10. DaMoose

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    Are you affected on a daily basis. By discrimination, looks, stares, comments etc?

    Unless I'm hanging out with a gay friend, I don't recieve any negative looks, my boyfriend and I don't look or act gay. Actually, this "macho" guy that was 5'8" decided to say a few things about one of my friends who was gay, and I got very physical.

    Do you feel safer and more relaxed if you stay within a majority based gay community?

    I know when it's ok to hold my boyfriend's hand depending on what parts of Orlando I'm in.

    Do you have a even amount or more gay/straight friends?

    I have way more straight friends, gay people can be annoying :p But no I have more straight friends.

    Are family members accepting of you being gay? and do they accept your partner(s)?

    The only family that knows about my sexuality is my mother, and father. I told my father to piss him off (he's never been around) and he hates it. My mother LOVES my boyfriend, but doesn't approve. My sister calls him bubba, and always bugs me about when he is comming over.

    Do you let the negative reactions of others affect you or do you ignore them and go about your own bussiness?

    I ignore comments made to me, and others, I might respond with something quick witted, or b*tchy, but unless they threaten physical harm I ignore it.

    Do you live in a area where being gay is more obvious/non-accepted, and if so does that affect how you act?

    I live in a rural town (village, lol) and I would never show affection around others (I don't like PDA anyways). Our town revolves around football, and band (neither of which I'm in) and going out on the lake drinking beer and eating venison. Sad to say I've grown used to it all.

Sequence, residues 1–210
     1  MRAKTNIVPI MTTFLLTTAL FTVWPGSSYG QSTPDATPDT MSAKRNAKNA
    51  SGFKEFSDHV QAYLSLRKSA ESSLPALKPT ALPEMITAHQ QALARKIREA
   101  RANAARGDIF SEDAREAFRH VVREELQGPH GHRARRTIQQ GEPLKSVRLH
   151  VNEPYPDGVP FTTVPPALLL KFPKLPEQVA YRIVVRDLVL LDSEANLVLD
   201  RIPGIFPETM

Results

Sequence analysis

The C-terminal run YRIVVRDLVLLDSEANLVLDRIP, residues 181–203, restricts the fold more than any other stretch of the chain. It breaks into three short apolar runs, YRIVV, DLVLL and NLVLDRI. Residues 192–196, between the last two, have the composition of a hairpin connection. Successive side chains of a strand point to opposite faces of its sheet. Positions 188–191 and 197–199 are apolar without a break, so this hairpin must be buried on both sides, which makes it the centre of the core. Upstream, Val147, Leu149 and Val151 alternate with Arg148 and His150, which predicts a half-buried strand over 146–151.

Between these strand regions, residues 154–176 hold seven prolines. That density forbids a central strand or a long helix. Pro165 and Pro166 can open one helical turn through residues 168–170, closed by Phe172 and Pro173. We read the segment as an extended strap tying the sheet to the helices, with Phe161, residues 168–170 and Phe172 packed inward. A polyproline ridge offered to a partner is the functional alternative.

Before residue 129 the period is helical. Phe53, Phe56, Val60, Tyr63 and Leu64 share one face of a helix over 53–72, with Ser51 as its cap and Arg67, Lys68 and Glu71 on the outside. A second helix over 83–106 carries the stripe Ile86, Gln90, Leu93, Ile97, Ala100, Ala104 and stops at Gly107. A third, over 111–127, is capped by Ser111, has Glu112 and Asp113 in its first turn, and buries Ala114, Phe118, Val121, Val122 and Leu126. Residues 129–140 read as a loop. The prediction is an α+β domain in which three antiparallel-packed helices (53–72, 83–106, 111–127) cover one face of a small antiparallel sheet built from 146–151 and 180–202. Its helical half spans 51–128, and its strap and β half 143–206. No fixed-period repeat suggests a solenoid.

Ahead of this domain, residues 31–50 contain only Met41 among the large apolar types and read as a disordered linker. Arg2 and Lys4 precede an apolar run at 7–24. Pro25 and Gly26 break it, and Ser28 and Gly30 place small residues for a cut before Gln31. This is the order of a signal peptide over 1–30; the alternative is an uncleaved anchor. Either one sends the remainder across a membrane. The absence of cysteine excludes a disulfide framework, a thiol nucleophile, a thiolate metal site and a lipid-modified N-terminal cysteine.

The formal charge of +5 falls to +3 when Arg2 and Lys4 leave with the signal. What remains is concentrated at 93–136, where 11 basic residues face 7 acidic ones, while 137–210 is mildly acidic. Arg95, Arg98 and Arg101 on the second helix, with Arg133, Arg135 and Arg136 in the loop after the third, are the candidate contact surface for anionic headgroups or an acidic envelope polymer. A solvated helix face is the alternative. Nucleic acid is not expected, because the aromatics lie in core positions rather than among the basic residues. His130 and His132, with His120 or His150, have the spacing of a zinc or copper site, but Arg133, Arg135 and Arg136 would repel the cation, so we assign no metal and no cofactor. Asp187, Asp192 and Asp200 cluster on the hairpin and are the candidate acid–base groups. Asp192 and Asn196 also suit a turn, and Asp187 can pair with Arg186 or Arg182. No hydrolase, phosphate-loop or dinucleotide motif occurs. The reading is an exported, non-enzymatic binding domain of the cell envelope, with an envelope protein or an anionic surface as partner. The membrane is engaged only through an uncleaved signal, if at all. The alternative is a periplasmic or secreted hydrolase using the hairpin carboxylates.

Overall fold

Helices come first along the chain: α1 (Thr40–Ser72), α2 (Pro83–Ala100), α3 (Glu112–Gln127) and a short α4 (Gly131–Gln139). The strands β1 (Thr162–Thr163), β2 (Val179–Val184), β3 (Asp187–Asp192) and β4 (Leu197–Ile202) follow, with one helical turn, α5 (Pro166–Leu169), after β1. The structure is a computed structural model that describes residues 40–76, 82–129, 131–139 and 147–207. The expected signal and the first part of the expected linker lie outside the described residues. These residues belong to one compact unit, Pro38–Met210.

I hope I helped.

    MOOSE
     
  11. DaMoose

    DaMoose Member

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    Regarding gay marriages, I don't see how it's an issue. You say it's a bond between a man and woman set forth by God (for all his good little Christians) but not everyone is a Christian. I'm a Christian, and just because I love a man I can't marry him? Most straight people don't even know what it means to be married, let alone do they honor it. So many marriages fail, they argue gay love isn't love, but I know a 60 year old couple that has been together for 40ish years, but only went through a union a few years ago, that's ridiculous.

    MOOSE
     
  12. D_Foscurinus Ambrosine Freedicke

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    I Should start with saying that I'm from Holland, that makes it different for me then most people around here who are from the states

    Are you affected on a daily basis. By discrimination, looks, stares, comments etc?
    Not on a daily basis. Holland is really relaxed in these things, however this tolerant reputation we have is slightly deminishing. Especially in the big cities in Holland we have some problems with non-dutch people with other ethnic backgrounds that live here. Muslims for example can be pretty intolerant and they might behave like that sometimes. But in general as a gay in Holland you can't complain!

    Do you feel safer and more relaxed if you stay within a majority based gay community?
    In general yes. I still have the feeling that I do not have to watch my attitude and behaviour. I also can hit on men without having the threat that they might be str8:)

    Do you have a even amount or more gay/straight friends?
    no, more gay friends but almost onlu str8 female friends!

    Are family members accepting of you being gay? and do they accept your partner(s)?
    Yes, completely

    Do you let the negative reactions of others affect you or do you ignore them and go about your own bussiness?
    Always ignore. I don;t care that much, sometimes it is just embarrasing...that's all

    Do you live in a area where being gay is more obvious/non-accepted, and if so does that affect how you act?
    I live in a neighourhood with slightly more immigrants then in other places, so there are more people who might act intolerant.

    How do feel about gay marriage and the laws, debates surrounding it?
    Gay marriage is accepted in Holland. That's good...marriage is just the bondage between two people who want to share their lifes together!
     
  13. NCbear

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    (1) There's a lot of country-club, low-key discrimination thrown around by people who assume I'm straight and as bigoted as they are. It's so understated it could be missed by someone who wants to ignore it. But the underlying premise is this: All right-thinking people ("right" in both senses of the word, I might add) believe that gay is NOT good, and we (the speaker assumes I am straight as well) share that presumption.